Since the camera now hangs from my backpack’s straps, the load completely transfers to my shoulders. Even so, I still keep my normal Peak Designs camera strap (see below) on the camera and put that around my neck, so when I unhook the camera from my backpack, the camera remains attached to my body. This is the solution I’ve been using on day hikes, backpacking trips, and international travel. It looks a little nerdy and takes some getting used to, but this system has alleviated a lot of my neck pain on hikes and allows me to keep my camera out without discomfort. I can even use my trekking poles without the camera getting in the way.
Peak Design Black Slide Camera Strap
As I mentioned, even with the system above, a normal camera strap still comes in handy. The Peak Design Black Slide Camera Strap is a durable, secure, and comfortable camera strap. It’s wide so it doesn’t dig into your neck, will hold the weight of a heavy camera and slides really easily on your body so you’re able to pull it up when you want to take a photo. This stays on my camera 24-7.
Best Camera Backpacks for Hiking
On the less scenic stretches of hiking, I put my camera away in my backpack. I’ve tried so many different packs, and these ones below come in as front runners for easy camera access.
Rotation 180 Horizon 34 L Backpack
This Think Tank Rotation 180 Horizon 34L backpack allows you to access your camera without taking the backpack off. Basically the bottom of the pack where your camera is stored slides out of the pack and you can pull it to the side of your body, all with one hand. You can fit the camera and one lens in this bottom zippered compartment, plus more in the main body of the bag.
The only thing I don’t love about this pack is my 15″ Macbook Pro doesn’t fit, so for traveling with my computer it doesn’t work. This pack also isn’t women’s specific, so it fits a little big on me (I’m 5’5″ and have a shorter torso). However, it’s still a great option with specific features for holding your camera and gear while hiking. Being able to access your camera with a single hand is also awesome for skiing in the winter.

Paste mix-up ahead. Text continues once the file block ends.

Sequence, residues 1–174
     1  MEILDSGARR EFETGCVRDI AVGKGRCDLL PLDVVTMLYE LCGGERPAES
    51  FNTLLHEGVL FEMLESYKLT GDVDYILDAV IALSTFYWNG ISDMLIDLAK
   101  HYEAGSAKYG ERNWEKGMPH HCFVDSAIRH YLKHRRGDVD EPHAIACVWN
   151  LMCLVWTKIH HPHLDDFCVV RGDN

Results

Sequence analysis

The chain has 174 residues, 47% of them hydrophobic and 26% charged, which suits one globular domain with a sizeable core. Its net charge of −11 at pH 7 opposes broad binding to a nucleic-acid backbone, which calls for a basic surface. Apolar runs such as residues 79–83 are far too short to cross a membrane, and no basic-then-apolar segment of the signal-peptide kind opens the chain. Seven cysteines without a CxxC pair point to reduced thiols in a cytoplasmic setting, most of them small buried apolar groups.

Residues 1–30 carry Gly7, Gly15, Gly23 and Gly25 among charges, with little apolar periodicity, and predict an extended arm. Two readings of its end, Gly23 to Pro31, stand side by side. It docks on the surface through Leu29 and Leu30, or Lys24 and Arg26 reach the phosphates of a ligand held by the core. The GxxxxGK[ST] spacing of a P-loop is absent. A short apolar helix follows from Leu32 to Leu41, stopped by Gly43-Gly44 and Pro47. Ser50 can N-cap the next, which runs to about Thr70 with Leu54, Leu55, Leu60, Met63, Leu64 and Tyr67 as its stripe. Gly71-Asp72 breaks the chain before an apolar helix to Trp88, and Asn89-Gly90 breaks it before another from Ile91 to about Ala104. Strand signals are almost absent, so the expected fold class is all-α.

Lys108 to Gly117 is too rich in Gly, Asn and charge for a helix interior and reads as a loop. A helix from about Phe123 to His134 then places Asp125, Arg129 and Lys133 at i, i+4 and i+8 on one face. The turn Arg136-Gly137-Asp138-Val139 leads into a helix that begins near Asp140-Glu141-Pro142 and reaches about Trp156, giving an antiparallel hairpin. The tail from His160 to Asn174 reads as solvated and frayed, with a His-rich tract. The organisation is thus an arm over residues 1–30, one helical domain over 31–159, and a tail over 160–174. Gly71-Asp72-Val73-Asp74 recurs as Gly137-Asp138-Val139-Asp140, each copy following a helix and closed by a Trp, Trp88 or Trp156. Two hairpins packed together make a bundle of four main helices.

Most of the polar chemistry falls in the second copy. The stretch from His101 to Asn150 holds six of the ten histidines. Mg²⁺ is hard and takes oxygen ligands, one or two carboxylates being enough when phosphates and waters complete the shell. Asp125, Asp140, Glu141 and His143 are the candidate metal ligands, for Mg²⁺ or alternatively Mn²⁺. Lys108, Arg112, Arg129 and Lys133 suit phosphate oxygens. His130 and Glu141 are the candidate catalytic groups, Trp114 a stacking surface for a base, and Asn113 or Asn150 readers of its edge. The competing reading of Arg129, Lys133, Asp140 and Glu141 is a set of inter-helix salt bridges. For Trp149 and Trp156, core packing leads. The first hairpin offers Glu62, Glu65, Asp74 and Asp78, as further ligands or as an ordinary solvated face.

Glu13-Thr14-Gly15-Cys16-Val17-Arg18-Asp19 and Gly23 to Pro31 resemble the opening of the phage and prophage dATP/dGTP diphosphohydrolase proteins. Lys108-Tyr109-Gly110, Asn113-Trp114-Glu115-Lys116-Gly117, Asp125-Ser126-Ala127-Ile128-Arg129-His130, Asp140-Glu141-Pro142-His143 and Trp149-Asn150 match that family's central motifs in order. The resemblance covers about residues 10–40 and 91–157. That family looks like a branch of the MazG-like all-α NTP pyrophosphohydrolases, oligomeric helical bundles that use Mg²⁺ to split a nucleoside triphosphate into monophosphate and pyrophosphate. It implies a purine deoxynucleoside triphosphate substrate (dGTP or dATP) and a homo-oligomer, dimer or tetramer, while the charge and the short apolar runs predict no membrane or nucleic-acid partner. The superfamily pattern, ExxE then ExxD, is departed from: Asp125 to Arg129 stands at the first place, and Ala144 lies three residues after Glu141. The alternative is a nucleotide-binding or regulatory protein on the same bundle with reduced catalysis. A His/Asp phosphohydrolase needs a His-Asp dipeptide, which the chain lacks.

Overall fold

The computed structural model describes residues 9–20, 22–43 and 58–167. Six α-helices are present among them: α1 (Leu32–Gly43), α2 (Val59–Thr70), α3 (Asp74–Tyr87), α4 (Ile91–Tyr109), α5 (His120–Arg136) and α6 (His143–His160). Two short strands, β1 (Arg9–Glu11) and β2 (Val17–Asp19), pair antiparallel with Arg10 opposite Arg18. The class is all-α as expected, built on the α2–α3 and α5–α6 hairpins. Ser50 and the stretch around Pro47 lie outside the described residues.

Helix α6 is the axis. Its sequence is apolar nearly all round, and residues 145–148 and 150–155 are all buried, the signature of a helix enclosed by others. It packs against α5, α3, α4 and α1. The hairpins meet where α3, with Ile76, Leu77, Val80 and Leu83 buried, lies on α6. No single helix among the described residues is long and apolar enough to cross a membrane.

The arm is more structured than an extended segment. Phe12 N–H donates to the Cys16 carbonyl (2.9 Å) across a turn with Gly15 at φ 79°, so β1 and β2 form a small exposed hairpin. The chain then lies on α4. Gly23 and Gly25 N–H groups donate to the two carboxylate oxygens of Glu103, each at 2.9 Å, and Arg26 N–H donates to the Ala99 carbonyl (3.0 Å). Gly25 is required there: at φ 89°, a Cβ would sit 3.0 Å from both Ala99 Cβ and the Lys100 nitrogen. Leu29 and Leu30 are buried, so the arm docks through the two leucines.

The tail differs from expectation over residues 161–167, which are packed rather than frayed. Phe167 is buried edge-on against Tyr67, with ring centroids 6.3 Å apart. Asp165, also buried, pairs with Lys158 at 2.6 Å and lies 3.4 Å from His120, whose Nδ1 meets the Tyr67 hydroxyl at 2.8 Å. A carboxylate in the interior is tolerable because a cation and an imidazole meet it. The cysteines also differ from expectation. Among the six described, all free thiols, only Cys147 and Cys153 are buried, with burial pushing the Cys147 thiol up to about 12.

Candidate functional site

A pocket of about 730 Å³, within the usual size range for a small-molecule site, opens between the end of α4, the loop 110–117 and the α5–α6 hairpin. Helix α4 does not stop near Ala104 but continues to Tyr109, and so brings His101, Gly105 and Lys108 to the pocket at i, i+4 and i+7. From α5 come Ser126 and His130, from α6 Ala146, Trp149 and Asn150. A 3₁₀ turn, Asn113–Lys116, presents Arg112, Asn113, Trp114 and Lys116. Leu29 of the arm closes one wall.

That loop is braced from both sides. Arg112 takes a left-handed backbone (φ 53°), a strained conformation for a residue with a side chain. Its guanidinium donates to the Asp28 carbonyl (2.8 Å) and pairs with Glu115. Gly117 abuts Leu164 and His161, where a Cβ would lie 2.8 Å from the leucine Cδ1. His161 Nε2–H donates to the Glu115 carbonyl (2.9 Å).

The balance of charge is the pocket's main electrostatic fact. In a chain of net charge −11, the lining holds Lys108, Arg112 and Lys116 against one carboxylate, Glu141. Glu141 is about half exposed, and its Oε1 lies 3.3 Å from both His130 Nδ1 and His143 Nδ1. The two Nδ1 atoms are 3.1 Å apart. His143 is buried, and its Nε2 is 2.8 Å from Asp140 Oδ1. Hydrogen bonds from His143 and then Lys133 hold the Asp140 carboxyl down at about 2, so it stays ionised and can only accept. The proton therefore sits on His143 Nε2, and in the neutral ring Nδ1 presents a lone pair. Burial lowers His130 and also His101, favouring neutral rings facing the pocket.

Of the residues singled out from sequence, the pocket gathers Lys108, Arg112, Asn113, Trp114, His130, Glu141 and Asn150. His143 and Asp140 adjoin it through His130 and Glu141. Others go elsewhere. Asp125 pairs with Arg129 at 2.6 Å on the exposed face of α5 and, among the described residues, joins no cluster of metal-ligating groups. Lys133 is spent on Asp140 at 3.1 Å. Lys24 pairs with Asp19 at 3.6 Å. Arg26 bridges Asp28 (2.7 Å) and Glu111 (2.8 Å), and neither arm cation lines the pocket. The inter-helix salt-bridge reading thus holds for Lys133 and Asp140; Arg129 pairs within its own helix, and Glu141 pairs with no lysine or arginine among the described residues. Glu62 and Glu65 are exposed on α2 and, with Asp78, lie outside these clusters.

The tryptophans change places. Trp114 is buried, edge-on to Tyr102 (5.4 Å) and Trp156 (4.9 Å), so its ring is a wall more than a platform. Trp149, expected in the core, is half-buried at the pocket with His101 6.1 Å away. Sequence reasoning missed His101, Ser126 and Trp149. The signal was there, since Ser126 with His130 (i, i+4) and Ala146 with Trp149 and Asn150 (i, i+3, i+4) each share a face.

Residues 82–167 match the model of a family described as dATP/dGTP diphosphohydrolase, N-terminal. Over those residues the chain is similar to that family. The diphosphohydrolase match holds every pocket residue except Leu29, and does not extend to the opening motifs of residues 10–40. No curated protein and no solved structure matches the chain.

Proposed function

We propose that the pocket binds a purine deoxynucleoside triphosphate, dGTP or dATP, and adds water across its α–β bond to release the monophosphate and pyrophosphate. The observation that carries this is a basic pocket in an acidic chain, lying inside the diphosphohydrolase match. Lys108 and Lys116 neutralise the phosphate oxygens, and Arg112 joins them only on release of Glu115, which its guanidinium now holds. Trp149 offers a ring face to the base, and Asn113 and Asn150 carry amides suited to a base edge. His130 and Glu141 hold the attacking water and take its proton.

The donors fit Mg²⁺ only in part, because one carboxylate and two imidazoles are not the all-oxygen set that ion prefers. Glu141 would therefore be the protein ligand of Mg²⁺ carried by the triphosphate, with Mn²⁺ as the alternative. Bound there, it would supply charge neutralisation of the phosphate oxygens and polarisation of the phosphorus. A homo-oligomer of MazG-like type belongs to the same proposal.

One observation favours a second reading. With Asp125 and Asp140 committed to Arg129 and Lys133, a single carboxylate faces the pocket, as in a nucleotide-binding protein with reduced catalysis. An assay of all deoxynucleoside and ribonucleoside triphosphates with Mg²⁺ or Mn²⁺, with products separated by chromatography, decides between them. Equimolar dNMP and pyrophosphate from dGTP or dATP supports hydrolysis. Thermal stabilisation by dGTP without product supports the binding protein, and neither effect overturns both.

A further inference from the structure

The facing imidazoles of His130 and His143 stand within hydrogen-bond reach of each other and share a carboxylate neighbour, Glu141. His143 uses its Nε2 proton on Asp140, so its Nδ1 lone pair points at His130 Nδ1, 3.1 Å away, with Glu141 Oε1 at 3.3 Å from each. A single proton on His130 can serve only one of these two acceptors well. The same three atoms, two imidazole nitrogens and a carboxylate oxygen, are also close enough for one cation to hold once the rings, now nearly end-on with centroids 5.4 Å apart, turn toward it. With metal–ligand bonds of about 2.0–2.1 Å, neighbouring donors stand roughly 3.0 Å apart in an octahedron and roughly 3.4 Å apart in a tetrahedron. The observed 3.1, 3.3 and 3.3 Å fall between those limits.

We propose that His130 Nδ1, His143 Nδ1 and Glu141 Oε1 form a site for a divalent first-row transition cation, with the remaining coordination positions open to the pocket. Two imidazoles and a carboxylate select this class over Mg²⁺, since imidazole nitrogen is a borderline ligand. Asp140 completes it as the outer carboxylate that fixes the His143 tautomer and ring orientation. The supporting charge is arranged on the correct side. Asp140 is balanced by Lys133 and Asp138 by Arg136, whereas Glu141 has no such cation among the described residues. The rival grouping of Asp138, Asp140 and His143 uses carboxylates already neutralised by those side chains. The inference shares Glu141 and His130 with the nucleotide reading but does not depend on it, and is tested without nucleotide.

Deuter Rise 32+ SL Women’s Pack
This Deuter Rise 32_ SL Women’s pack is actually made for skiing with a huge zippered-entry back panel for easy access. This makes it a great option for carrying your camera while hiking since you don’t have to pull all of your other stuff out of your backpack just to access your camera.
The Tenba BYOB 10 DSLR Backpack Insert, that I store my camera and lens in, fits perfectly at the bottom of the Deuter Rise pack. Aside from the camera storage, I like this pack because of its tall and skinny which means the load sits right up against my back. Also, this pack is made to carry heavy ski touring gear, so it’s comfortable with a lot of weight. It has tons of adjustable straps and a supportive waist belt for ultimate comfort on those long hiking days, which not all camera-specific bags have.
Carrying a GoPro While Hiking
GoPros are awesome because they are small, easy to stow, and waterproof. I’m currently using the GoPro Hero7 Black, and I’ve been impressed with how steady the video recording is to previous models. For these reasons, it’s a no brainer for me to carry it on my hikes.
Unless I’m using a gimbal, I usually have the GoPro mounted on the smallest stick possible and then slide the stick under my waist belt or chest strap if I’m not carrying a regular camera (see the photo below). This is a great way to keep it safely out of the way but also on hand for when I need to use it.
Got questions about hiking with a camera or how best to carry it? Leave a comment below or join the discussion in the Bearfoot Theory Outdoor Adventurers Facebook Group.